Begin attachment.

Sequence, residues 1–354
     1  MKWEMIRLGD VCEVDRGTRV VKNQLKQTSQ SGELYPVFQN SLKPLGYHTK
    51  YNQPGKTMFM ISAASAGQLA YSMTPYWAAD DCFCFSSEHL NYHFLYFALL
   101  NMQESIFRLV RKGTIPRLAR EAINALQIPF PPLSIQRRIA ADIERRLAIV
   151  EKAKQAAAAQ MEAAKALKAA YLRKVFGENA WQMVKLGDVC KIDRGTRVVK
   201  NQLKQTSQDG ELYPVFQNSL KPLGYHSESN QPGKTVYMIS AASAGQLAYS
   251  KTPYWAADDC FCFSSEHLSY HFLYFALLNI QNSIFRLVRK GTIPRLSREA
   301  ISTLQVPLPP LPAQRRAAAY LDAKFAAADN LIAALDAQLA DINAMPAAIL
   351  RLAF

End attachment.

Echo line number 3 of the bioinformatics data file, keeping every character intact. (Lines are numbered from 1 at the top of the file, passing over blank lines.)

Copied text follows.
    51  YNQPGKTMFM ISAASAGQLA YSMTPYWAAD DCFCFSSEHL NYHFLYFALL